Written by Mary Free, Certified Master Garden
As bees feed on the nectar of flowers (particularly those that are bright white, yellow or blue or with contrasting ultraviolet patterns), their electrostatically charged and branched body hairs attract and trap pollen grains. They carry the grains from flower to flower, which makes them very effective pollinators. According to the U.S. Forest Service, “bees pollinate approximately 75 percent of the fruits, nuts, and vegetables grown in this country.” [Unfortunately, bee populations have suffered dramatic declines over the past 50 years. Read How to Celebrate National Pollinator Week: Go Native! to find out how you can help.]
Among the estimated 485 different bee species in Virginia (Adamson, 2009*), you undoubtedly recognize the most well known—the European honey bee (Apis mellifera)—but do you know that its ancestors first arrived in the “New World” in 1622? They were brought to the Colony of Virginia not for their pollination services but rather for their wax- and food-making abilities. Today their honey is still valued, but more important, these industrious insects pollinate U.S. crops estimated to be worth more than $14.6 billion (Morse and Calderone, 2000).
You also probably recognize this hairy insect as a bumble bee. Among the 21 species of Eastern bumble bees−18 of which are found in Virginia—this large, 3/4 to 1-inch long black and gold bumble bee (Bombus auricomus) is considered uncommon. Photographed six years ago at Green Spring Gardens Park, it is feeding on one of its favorite flowers, Monarda.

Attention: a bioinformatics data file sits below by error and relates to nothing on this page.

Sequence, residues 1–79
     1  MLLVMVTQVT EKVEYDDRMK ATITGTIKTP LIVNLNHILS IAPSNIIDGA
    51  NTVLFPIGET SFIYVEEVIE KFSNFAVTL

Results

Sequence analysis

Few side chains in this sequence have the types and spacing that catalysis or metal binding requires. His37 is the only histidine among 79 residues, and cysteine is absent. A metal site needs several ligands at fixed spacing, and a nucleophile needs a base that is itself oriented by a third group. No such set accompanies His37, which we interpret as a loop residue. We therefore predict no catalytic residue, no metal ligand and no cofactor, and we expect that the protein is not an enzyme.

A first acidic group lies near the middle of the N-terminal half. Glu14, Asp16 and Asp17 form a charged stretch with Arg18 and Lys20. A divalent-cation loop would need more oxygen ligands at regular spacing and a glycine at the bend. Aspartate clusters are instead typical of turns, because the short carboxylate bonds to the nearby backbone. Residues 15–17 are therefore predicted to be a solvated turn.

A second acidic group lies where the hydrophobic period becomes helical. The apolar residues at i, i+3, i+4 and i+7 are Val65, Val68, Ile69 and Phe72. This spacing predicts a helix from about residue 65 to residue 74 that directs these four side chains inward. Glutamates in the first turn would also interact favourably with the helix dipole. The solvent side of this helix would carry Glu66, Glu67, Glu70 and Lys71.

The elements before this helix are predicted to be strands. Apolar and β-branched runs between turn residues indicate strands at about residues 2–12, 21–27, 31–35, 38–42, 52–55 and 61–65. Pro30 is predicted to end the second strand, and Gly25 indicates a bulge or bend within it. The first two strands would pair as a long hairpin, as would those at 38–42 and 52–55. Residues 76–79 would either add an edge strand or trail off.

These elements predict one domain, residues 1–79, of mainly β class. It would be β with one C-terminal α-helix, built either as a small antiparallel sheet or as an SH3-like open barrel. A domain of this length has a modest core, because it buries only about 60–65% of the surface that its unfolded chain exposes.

Bumble bees are important pollinators of tomatoes, blueberries, cranberries and melons. Like honey bees, females use baskets (corbiculae) located on their hind legs to carry pollen. [To see pictures of different pollen-carrying apparatus, read Bee-havior: Gathering and Transporting Pollen.] Instead of hives, though, they live in small colonies in vacant rodent nests, tunnels and hedges.
What would a bee named for its attraction to the salts in human perspiration be called other than a sweat bee? If this tiny bee—1/8 to 3/8-inches long—lands on you, resist the urge to swat it. Regardless, don’t sweat being bit or stung (unless you have a bee allergy). It will feel like a pin prick, or, according to the Schmidt Pain Index, “as if a tiny spark has singed a single hair on your arm.” [Learn more about entomologist Justin Schmidt and his insect pain index.]
Virginia is home to 45 species of these (mostly) ground-nesters that range in color from dazzling metallics to a dull brown/black. They are generalist pollinators, able to extract and digest the pollen of many different types of flowers. Like bumble bees, sweat bees practice “buzz pollination” or sonication. By rapidly moving its flight muscles, a sweat bee can cause sonic vibrations that release the pollen of certain plants, like tomato. Unlike honey or bumble bees, though, females carry pollen on dense, hind leg hairs called scopa.